Magicians’ insights could lead to breakthroughs in treating dementia and autism
By Susana Martinez-Conde, Ph.D.
When I tell people that I’m a neuroscientist, their eyes usually glaze over. But, when I tell them I work with Las Vegas magicians, they smile and say, “Wow! Tell me more.”
The intersection of scientific research and magic is a thrilling combination. The brain is the last frontier in science, and no one really understands how it works or why it sometimes breaks down. In my research lab at Barrow Neurological Institute, we have embraced the idea that the solutions to brain disease may never be found in traditional methods. If we are to make breakthroughs in treating terrible conditions like autism and dementia, we must think outside the box and develop unorthodox science.
That is when the magic happens.
About seven years ago, my research partner, Dr. Stephen Macknik, and I began teaming up with some of the world’s greatest magicians. We recognized that these “artists of awareness” knew more about what tricks our brains than we, Harvard-educated scientists, did.
In the past several years, magicians like Penn and Teller, Mac King, the Amazing Randi and Apollo Robbins have partnered with us to examine the link between vision and the processes of the brain. The magicians are fascinated by the science, and we are fascinated by the new research discipline we have labeled “neuromagic.”
By examining how the brain reacts to magic tricks like misdirection and sleight of hand, which manipulate our attention better than almost anything we can conjure up in the lab, we believe that we will understand better the neural underpinnings of perception and cognition. Before we began working with magicians, cognitive neuroscientists were, at times, re-inventing the wheel, coming up with principles that magicians had already been using for a long time.
The human brain is not a perfect reader of reality, and it often uses shortcuts to interpret the world more quickly and efficiently. The brain’s limitations are at the heart of many illusions. Magicians exploit our neural shortcuts to do what seems impossible, such as when the audience’s attention is drawn to a conjurer’s left hand while he hides the coin in his right.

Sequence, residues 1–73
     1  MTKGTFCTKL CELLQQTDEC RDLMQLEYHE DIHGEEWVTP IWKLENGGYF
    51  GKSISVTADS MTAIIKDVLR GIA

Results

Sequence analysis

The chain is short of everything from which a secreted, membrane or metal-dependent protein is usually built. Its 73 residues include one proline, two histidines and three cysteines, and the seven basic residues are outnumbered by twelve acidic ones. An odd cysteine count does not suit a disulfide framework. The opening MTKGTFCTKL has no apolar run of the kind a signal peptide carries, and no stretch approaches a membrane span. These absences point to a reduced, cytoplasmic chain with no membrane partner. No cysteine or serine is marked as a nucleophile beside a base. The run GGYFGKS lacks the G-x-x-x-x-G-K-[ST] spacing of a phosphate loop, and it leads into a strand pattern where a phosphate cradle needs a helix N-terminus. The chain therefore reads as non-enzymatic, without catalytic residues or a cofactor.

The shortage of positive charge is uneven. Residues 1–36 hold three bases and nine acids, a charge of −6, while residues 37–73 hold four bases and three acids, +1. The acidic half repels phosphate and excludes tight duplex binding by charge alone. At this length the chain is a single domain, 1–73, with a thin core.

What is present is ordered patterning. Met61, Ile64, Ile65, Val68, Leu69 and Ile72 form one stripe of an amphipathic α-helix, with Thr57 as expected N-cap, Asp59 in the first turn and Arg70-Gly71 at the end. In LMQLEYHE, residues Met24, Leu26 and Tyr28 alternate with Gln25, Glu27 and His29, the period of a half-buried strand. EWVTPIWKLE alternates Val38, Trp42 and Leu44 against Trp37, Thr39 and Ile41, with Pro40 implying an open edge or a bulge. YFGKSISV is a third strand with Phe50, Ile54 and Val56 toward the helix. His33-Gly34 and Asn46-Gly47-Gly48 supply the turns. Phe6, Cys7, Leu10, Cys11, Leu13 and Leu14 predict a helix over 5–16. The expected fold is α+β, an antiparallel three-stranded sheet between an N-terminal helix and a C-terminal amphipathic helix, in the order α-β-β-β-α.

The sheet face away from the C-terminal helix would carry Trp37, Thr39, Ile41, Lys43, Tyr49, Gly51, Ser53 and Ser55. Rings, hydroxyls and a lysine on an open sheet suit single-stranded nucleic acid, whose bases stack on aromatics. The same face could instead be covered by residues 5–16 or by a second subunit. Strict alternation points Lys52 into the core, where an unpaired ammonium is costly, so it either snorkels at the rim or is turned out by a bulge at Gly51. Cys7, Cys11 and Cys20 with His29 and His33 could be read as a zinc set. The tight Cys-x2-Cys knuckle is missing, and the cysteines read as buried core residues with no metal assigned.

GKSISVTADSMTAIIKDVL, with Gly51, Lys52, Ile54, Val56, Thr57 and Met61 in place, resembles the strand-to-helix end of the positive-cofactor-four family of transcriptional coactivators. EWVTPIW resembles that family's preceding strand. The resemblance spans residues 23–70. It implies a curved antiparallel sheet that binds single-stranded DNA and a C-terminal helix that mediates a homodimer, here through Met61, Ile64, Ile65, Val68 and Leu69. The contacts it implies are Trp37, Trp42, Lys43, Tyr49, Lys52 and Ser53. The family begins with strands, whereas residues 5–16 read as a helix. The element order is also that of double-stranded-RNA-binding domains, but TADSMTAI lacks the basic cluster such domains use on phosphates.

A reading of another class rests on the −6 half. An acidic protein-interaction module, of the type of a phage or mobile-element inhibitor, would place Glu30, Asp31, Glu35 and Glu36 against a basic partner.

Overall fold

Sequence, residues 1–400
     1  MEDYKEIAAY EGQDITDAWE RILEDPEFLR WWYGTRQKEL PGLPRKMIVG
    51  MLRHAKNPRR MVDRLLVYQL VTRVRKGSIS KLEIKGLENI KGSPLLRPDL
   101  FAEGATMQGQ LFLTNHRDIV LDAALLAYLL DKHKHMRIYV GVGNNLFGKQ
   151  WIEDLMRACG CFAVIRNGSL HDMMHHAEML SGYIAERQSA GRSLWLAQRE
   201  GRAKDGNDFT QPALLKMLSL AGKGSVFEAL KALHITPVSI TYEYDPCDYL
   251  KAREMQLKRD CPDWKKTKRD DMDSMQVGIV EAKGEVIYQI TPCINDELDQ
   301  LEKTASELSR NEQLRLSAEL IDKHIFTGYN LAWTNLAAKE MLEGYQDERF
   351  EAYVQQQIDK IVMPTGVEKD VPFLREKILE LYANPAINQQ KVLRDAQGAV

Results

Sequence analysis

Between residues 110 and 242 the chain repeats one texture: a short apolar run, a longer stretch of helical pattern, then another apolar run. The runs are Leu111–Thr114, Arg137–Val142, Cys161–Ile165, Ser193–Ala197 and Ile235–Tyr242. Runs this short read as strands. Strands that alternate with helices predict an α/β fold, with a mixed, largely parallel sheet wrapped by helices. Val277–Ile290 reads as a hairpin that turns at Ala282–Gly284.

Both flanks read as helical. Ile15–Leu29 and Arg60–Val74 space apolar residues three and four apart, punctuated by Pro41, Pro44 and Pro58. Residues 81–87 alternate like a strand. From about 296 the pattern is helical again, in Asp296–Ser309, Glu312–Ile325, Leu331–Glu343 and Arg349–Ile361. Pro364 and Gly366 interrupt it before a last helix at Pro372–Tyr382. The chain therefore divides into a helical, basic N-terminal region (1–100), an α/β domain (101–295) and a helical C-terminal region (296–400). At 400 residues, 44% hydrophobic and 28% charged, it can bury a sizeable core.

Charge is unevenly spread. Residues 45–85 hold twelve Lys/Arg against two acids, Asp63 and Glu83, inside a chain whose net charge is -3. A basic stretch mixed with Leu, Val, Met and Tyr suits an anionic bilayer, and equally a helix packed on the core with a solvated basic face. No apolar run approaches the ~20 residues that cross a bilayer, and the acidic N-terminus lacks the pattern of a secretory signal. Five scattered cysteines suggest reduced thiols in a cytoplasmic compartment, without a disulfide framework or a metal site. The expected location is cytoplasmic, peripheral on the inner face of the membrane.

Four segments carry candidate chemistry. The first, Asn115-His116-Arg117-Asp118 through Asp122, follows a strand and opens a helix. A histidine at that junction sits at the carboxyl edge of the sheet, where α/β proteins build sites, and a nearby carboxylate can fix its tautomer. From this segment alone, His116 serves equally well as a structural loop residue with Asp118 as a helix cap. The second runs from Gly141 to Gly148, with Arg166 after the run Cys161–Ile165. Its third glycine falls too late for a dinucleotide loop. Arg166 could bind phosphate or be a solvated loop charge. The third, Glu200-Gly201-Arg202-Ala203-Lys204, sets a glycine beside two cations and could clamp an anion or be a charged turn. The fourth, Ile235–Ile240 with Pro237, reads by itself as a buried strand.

It is a misconception that the brain reconstructs reality. Rather, it constructs an unreality that we agree to live with. Magicians create illusions to exploit this mismatch. Magical methods can then be applied in the laboratory, in combination with high-technology brain-imaging and other neuroscience techniques, to study how the brain works in both normal and abnormal situations. These studies could yield insights into how to treat conditions, such as attention-deficit disorder, or to diagnose and evaluate therapy regimes in autism.
People with autism often suffer from a deficit in “joint attention,” that is, the ability to pay attention to those things that other people appear to be attending to. If you have ever looked up at the ceiling when somebody else was pointing up at it, then you have exercised your joint attention. Because patients with autism spectrum disorder are less able to process the social cues that underlie joint attention, we believe that magic tricks, which often rely on the magician’s gaze and body language, will not work as well with them.
Since I was a young girl growing up in Spain, I have been fascinated by science and the brain. That fascination led me to Harvard and Barrow – and now to Vegas. With the help of some magic, we are on the verge of profound medical breakthroughs.
To get a close-up look at our research, join us on September 17, along with magicians Mac King and The Amazing Randi, for a unique show at the Phoenix Theatre called “Magic and the Brain.” For ticket info, visit barrow50.org or call 602-406-3041. The charity event will support the Barrow Neurological Institute.
Dr. Susana Martinez-Conde is director of the Laboratory of Visual Neuroscience at Barrow Neurological Institute at St. Joseph’s Hospital in Phoenix. She received a Bachelor of Science in Experimental Psychology from the Universidad Complutense de Madrid and a Ph.D in Medicine and Surgery from the Universidad de Santiago de Compostela, in Spain. She was a postdoctoral fellow with Nobel Laureate, David Hubel, at Harvard Medical School, and then an Instructor in Neurobiology at the same institution. She was a lecturer at University College, London, from 2001 to 2003, before assuming her directorship at Barrow the following year. She is co-author of the bestselling book, Sleights of Mind: What the Neuroscience of Magic Reveals about Everyday Deception. She is also a regular contributor to Scientific American.